So about that fear in performing, well as long as I ride my energy forward, I’ll be great! So how do I deal with the fear of getting out there and coming back off, well these are different, in a way. The fears that hit before, well, I go back to being in the moment, like when I am on stage and do my best to stay there. Afterwards, the inner critic may have a hey day of things to say – ‘Oh, that didn’t go very well, did it?’, ‘So I thought you knew that bit?’, ‘Wasn’t so and so brilliant or worse, wasn’t so and so awful?’ I think these are normal reactions because I’m human. When I go out on a stage or set or whatever, I’m in a heightened place and you know what, when I’m up that high I got to come back down to find the ground again. So, I do my best to be very gentle, which is why I see myself as a very sensitive person. I need to know that I’m easily bruised and can still be OK, after such a high. I, now, try to set aside nice things for me, so have that hot bath or take a whole day off! Reward, rather than punish me, so my body and mind have time to heal. There is always a sense of loss after a show, film, performance of any kind is over – a coming back down. Most likely, I’m coming from a place of being tired, irritable or, maybe, even angry, so I’m not going to show my best face at this point. I can now recognise and be honest about that part, which is a huge blessing to understand why my negative voice may start to charge in. Maybe, that is what I term as more ‘rational’ people don’t put themselves through this night after night, week after week, year after year. They are sensitive too, but not willing to ride the highs and lows that you do as an artist. Hats off to you!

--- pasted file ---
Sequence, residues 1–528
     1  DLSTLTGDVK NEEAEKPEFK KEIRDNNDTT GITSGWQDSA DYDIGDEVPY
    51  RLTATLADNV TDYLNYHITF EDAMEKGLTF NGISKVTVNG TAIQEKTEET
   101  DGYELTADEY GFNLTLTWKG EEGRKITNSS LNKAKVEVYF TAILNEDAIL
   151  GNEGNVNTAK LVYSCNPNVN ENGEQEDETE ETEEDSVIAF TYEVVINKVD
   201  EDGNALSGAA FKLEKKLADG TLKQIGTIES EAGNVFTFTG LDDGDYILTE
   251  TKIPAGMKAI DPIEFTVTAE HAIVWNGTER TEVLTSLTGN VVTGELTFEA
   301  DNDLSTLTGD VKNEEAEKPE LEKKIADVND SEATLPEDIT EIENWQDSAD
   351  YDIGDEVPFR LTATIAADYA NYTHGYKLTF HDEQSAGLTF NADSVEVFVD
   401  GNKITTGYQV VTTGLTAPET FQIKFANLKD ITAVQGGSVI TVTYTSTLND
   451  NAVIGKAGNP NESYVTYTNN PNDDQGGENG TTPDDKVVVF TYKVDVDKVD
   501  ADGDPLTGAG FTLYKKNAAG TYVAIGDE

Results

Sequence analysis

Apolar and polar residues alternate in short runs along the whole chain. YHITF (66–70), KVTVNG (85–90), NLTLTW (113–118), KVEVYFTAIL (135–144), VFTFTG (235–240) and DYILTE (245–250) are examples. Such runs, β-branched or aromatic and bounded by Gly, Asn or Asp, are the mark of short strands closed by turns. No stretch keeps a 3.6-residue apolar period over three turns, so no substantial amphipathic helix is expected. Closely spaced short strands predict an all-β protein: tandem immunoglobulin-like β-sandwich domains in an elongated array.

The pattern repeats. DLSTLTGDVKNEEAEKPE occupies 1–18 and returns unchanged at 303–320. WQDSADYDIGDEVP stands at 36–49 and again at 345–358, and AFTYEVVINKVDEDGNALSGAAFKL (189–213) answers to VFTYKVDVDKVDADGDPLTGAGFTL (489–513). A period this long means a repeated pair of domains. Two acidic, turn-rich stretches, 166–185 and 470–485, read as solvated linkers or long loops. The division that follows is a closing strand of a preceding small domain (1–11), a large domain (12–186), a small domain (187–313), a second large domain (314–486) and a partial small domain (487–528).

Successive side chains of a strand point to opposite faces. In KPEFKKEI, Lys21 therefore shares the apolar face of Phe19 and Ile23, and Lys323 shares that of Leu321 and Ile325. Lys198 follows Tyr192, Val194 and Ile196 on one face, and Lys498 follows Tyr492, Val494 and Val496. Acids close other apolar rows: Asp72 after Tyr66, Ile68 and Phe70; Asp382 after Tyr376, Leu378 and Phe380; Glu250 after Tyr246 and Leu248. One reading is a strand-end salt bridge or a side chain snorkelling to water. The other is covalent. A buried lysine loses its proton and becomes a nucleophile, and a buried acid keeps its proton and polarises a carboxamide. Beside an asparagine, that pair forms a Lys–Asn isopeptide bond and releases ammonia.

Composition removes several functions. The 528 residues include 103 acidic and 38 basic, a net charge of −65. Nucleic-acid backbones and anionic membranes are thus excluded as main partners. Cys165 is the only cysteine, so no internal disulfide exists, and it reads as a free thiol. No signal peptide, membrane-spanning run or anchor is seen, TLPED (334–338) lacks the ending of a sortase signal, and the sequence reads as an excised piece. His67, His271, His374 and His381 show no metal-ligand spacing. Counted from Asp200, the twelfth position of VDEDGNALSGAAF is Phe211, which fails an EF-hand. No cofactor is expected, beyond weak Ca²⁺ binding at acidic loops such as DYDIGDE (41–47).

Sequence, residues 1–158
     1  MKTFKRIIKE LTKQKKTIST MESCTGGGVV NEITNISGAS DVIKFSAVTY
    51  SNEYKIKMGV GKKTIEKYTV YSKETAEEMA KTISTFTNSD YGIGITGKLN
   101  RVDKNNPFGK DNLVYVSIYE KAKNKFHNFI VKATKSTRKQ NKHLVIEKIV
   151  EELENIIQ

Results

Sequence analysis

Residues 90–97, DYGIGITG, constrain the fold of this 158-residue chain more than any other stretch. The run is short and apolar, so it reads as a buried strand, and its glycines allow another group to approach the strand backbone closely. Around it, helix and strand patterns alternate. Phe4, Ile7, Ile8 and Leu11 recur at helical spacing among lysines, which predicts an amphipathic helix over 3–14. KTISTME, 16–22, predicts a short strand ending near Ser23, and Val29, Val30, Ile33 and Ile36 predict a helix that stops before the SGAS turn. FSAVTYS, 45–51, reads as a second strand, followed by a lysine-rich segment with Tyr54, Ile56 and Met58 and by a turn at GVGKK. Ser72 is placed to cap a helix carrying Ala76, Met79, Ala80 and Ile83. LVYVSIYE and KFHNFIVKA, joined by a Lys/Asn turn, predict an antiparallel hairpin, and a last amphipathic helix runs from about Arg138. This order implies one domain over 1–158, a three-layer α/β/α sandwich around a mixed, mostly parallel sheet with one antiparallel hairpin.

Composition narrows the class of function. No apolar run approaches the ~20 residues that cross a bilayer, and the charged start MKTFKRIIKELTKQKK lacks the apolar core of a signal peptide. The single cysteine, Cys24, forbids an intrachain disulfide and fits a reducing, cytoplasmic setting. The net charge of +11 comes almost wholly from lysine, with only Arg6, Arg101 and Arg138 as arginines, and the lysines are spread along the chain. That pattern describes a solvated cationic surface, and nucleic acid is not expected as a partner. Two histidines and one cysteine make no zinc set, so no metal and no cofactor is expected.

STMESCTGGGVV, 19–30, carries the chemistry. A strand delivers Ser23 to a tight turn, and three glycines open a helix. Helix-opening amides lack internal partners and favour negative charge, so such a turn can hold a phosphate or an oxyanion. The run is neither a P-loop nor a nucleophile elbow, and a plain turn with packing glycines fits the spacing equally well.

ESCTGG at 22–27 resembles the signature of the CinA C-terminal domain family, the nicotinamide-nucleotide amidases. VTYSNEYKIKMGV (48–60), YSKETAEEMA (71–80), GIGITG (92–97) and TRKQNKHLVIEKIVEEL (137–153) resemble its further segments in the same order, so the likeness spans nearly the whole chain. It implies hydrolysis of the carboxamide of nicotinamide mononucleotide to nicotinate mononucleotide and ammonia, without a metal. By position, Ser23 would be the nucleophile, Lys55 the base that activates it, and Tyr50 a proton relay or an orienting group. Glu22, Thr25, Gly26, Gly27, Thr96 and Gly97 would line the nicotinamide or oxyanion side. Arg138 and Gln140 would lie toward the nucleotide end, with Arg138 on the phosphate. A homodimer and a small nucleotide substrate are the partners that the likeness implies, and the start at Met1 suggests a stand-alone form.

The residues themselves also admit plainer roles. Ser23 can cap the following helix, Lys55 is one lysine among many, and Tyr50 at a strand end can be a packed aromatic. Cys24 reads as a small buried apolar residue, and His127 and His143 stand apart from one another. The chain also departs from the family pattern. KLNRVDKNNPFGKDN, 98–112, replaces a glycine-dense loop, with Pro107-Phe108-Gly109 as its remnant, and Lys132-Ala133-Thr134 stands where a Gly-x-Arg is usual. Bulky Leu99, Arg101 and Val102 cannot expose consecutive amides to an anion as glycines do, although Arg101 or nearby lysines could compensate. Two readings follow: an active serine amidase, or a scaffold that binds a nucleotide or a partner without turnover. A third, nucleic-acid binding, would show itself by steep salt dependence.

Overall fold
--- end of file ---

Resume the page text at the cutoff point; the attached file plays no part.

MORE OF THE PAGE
Really, having written this, I believe this more than ever, that we who are the performers or artists of any kind of the world, are very brave and we deserve a better understanding of what we do and why we do it. I’ve met some glib people in my life, who have said how lazy or unreliable or, even, shallow a performer can be. I hope by what I’ve written, someone, even, if it’s only one person, can come to a better understanding and appreciation what working in the entertainment industry is like, but for me, it beats any day job, hands down. I am very appreciative I’ve been able to do what I have and with so many wonderful teachers and people along the way.
So I say, face your fear and do it anyway, just be prepared with a nice cupcake of come down and it’ll be OK.
What are your thoughts and experiences of working through the fear? Let me know below: